As a small business owner, managing your business expenses is a major task that you cannot neglect at any cost. But what is the right way to do that? Similar to any other formal task, categorizing your expenses can simplify your financial management tasks. Some of your business expenses are ordinary, while others are necessary for accomplishing profit-making goals. On the other hand, they can be segmented into tax-deductible and non-tax-deductible expenses. Although there’s no definite guide that enumerates the potential business expenses your organization is able to deduct, several categories can help you understand your expenses in a better way. Let’s explore these categories in this article.
Why is it important to categorize business expenses?
Financial management is an integral aspect of any business. When you manage your expenses, you gain a better perspective on how and where you are spending your money. This allows you to manage your budget by taking full control of your expenses. Basic knowledge is not sufficient to manage your spending, you also need to have an extensive understanding of the entire cash flow. Categorizing business expenses allows you to keep track of where and how much to spend in each category. When you categorize your business expenses, you can proficiently identify the right category and reconcile your bank accounts for better bookkeeping.
Deductible expenses vs non-deductible expenses
Business expenses can be divided into three main formal categories – tax-deductible expenses, non-deductible expenses, and context-specific deductions. In this article, we will limit the discussion to tax-deductible and non-deductible expenses. So, let’s understand what they are and how they differ.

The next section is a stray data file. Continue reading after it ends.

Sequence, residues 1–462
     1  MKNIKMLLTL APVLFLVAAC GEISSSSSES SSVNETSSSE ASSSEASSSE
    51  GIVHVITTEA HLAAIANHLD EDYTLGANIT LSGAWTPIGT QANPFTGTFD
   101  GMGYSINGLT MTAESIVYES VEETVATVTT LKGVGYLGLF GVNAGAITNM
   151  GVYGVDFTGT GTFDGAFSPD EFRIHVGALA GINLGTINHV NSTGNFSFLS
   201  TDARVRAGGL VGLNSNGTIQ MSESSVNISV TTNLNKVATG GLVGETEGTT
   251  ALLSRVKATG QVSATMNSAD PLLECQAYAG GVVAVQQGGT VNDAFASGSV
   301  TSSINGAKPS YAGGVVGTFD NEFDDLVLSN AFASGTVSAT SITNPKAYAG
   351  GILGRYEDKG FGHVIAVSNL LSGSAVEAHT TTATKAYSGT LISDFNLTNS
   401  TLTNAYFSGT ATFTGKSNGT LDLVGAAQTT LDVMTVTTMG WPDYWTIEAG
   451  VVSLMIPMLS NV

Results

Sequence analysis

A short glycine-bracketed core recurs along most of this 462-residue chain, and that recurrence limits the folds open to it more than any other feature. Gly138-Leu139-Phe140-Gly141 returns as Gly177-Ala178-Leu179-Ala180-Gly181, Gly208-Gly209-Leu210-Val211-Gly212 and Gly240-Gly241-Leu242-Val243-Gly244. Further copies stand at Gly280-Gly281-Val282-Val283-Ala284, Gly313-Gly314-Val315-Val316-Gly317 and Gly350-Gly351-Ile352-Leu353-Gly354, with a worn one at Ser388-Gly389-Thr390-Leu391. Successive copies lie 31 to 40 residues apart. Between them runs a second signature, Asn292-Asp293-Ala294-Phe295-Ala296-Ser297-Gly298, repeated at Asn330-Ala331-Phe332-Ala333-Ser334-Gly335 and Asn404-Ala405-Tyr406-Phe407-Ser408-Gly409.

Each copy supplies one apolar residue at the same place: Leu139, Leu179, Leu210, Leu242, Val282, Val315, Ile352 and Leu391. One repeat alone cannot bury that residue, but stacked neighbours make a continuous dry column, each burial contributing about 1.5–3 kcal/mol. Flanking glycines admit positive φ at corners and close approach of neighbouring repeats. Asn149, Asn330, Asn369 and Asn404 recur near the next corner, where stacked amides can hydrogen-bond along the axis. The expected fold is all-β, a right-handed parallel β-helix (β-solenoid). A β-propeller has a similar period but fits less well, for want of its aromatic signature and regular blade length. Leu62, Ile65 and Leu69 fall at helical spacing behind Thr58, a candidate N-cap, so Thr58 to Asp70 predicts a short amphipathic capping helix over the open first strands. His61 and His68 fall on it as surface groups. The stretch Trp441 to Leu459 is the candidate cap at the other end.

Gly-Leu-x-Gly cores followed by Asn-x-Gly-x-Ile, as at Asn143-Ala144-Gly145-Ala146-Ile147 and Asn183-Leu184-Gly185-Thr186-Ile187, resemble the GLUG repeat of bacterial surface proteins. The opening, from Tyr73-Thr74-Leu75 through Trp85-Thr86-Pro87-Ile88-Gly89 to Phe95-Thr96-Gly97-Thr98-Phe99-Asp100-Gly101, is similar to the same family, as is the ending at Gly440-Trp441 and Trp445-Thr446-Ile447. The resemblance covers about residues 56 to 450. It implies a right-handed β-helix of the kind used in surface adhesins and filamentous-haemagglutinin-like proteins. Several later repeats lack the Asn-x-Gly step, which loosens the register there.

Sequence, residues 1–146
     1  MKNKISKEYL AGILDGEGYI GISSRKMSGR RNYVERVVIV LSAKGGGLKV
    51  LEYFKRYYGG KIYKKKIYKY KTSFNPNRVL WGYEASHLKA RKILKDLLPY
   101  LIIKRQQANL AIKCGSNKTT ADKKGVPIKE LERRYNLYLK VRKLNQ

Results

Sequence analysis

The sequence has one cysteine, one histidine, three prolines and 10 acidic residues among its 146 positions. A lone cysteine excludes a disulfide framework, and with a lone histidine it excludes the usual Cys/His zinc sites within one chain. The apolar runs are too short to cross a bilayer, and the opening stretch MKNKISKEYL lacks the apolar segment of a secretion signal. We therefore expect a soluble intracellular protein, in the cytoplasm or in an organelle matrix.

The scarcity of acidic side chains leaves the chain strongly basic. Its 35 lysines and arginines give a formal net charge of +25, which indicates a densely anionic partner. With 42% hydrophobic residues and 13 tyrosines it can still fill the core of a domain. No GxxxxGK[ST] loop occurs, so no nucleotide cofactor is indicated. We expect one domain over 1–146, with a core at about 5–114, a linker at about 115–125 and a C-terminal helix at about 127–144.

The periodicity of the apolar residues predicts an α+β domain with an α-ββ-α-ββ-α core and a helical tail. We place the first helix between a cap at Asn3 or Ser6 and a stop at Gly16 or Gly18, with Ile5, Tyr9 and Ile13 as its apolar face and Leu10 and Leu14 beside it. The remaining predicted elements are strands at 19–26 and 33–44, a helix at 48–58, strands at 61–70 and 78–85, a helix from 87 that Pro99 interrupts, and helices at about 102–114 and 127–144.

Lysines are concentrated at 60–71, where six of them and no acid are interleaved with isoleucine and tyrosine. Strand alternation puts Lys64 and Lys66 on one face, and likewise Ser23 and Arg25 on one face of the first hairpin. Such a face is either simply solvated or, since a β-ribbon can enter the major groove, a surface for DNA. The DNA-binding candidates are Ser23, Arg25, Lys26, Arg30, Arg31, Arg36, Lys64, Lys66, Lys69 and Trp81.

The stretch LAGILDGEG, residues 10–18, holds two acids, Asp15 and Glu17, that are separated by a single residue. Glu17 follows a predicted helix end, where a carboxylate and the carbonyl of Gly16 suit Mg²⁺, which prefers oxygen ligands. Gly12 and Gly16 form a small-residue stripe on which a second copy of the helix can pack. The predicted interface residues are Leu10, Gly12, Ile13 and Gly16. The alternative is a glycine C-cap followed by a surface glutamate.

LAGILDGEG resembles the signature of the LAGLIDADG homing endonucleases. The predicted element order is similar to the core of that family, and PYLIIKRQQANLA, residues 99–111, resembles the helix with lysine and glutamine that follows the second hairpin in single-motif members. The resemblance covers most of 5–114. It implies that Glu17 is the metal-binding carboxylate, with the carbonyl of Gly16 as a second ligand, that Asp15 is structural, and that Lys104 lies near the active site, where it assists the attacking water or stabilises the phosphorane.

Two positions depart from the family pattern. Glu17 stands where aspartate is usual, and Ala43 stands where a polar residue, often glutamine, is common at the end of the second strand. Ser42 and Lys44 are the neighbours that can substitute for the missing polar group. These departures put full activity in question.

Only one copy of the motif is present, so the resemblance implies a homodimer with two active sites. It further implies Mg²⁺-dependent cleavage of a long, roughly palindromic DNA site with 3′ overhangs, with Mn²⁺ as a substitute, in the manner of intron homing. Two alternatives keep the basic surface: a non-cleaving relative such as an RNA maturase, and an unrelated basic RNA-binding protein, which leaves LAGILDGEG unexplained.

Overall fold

Any expenses considered necessary, ordinary, and reasonable are deductible. These expenses allow the business to generate revenue and are deducted from the organization’s income before annual taxation. Not all business expenses are tax-deductible as some of them are partially deductible. Examples of deductible expenses include marketing or advertising, interest, insurance, transportation, travel, delivery costs, fuel costs, maintenance, office-related expenses, and more.
The expenses categorized as personal are non-deductible expenses. For example, when you go out to dinner or when you fill your personal car with fuel, all these expenses fall under this category. So, the non-deductible expenses include demolition expenses, lobbying charges, fines and penalties, political contributions, etc. In addition, it is not feasible to deduct capital expenses in a lump sum. These expenses depreciate, and it is possible to deduct depreciation costs.
Common types of business expenses
Based on the type of business you run, you will be able to deduct the following expenses. However, most large and small-scale businesses bear these expenses, no matter what goods or services they deliver.
Advertising and marketing
Money that you spend on advertising and marketing your business, such as television ads, newspaper ads, billboards, or digital magazines. These expenses also include spending on social media campaigns, paid search, sponsored content, video ads, digital displays, etc.